• Once children have tested several liquids with the juice, have the arrange their cups (labeled with a sharpie) in order, from darkest to lightest.  Cranberry juice, made by steeping fresh cranberries in boiling water, can also be used as a pH indicator for comparison.

  • Instruct children ahead of time not to taste the juice from any of their cups.  We used all edible ingredients, but even so, many would not have been pleasant tasting.  Be sure though to set aside some of the seeds, and juice for sampling, or for an experiment that can be tasted.

It's great to be a homeschooler.

Saturday, November 2, 2013

Turkey Tree - Thanksgivng Countdown

It seems to me like fall has just begun.  But, somehow there are already more fall-to-do-leaves under our paper bag tree, than left on it. And, the first two of our thankful turkeys have already taken their places in the branches.

The turkey tree (another Peanuts nod) is our way of counting up our blessings as we count down the days of November until Thanksgiving.  Each day, one of the children prints something they are thankful for on a hand print turkey, and tapes it to the tree.  That way, by the time Thanksgiving comes around we've got a tree full of thankful turkeys to remind of us of exactly what we are celebrating.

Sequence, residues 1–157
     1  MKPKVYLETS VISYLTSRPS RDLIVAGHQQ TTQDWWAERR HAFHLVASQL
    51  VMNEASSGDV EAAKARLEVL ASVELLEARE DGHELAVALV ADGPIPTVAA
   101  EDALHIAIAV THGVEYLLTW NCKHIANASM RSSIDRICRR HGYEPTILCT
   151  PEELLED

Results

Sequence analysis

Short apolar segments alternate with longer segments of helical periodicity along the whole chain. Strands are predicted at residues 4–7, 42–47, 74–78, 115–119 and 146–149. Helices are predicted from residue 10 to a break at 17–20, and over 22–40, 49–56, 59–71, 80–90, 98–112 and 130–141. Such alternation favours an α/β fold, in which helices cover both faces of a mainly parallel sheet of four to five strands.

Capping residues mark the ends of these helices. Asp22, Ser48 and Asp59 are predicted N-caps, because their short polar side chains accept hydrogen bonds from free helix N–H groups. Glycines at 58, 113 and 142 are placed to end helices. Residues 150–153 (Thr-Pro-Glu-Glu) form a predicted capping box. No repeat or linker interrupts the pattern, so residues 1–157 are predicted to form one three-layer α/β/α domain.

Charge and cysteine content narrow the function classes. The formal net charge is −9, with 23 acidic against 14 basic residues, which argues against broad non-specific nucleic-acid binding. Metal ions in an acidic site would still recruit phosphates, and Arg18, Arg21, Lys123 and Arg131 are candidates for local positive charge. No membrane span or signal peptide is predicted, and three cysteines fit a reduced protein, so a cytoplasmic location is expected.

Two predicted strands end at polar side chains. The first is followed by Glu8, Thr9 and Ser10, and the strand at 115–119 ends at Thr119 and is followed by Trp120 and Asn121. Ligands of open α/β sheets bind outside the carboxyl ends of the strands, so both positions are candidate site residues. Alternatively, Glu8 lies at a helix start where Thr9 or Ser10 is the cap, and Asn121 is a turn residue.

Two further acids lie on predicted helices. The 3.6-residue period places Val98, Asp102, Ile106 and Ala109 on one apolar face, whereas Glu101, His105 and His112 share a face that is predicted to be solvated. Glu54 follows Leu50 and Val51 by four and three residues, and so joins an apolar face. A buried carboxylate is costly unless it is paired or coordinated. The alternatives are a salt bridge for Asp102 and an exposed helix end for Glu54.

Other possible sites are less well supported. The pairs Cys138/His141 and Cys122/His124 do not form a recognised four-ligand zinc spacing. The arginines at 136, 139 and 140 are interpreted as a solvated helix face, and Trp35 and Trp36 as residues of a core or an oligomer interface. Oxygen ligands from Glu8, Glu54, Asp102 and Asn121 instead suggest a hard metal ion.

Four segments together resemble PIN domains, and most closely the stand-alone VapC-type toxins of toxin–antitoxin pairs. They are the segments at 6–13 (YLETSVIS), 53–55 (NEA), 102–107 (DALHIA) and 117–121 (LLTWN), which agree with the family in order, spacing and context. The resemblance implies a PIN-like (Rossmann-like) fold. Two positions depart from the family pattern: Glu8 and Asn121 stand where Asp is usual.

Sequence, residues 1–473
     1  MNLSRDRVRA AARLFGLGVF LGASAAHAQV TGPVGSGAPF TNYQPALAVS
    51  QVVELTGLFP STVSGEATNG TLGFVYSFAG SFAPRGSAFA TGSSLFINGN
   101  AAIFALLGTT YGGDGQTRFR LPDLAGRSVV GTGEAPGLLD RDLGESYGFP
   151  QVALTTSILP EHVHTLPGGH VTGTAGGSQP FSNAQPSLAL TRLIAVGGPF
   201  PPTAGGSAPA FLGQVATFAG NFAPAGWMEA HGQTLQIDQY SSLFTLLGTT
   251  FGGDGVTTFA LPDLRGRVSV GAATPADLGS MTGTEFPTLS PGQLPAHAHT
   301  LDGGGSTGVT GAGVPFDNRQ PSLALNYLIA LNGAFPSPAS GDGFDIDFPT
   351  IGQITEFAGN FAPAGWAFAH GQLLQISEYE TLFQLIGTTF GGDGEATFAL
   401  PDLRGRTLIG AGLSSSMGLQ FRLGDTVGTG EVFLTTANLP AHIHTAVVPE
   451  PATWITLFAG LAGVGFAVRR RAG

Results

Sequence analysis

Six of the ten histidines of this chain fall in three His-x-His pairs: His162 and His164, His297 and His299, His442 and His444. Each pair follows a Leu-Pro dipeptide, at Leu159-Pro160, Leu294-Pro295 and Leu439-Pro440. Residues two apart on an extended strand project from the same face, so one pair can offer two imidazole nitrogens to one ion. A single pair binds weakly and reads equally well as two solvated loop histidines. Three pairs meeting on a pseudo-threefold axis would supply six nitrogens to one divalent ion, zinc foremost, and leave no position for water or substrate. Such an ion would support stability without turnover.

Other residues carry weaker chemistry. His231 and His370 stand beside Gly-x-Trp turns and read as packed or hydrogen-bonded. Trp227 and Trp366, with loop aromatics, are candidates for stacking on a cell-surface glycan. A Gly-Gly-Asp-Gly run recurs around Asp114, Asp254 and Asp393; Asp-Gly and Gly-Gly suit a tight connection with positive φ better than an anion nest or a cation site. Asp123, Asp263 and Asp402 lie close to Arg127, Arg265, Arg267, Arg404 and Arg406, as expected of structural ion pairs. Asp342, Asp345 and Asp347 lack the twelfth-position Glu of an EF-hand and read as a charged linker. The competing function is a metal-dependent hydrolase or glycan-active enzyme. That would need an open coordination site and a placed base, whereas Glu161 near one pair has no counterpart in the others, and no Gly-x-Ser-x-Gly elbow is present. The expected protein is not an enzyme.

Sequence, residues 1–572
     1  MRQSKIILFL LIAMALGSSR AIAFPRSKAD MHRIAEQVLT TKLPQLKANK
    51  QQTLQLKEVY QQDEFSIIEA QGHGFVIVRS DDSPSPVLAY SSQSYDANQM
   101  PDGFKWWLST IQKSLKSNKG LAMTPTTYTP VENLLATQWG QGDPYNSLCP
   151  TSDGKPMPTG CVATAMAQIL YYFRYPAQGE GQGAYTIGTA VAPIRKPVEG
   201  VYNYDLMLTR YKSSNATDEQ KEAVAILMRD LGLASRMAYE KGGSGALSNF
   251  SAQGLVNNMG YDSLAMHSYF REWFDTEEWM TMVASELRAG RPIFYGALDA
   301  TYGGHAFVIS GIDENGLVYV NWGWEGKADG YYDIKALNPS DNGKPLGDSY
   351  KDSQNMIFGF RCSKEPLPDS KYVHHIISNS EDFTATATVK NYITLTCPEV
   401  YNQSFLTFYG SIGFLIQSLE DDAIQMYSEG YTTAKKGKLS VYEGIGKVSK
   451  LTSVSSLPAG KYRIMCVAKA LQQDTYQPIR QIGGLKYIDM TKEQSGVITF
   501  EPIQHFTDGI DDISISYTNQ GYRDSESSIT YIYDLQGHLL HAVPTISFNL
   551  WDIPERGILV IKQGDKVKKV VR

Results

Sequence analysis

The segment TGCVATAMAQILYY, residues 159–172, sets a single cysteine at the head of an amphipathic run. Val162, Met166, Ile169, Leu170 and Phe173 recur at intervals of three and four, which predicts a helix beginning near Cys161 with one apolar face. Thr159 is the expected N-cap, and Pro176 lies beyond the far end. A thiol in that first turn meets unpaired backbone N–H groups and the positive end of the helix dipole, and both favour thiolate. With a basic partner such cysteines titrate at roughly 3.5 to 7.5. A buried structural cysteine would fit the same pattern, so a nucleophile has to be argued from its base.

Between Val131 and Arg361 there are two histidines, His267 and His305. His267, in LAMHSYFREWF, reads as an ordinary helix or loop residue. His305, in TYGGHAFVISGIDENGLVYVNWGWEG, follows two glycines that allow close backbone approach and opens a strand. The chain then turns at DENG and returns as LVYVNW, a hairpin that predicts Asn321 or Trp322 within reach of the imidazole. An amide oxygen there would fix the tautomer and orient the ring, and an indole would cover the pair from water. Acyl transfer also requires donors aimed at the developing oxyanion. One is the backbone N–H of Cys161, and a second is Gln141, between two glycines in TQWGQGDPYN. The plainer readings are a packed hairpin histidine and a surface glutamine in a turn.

We started the tradition when the children were a good deal smaller. Over the last couple of years I've had to seriously expand the branch space of our tree to ensure enough room for the increasing size of our hand print turkeys.

It's probably a little odd to ask teenagers to join in such a craft, but I have to say, looking at the crayon colored, construction paper birds lined up on our piano top ready to be placed on the tree...

...I'm thankful for teenagers who are good enough sports to do a silly hand print craft for the sake of carrying on a family tradition long enough for their younger siblings to enjoy, too.

It's great to be a homeschooler.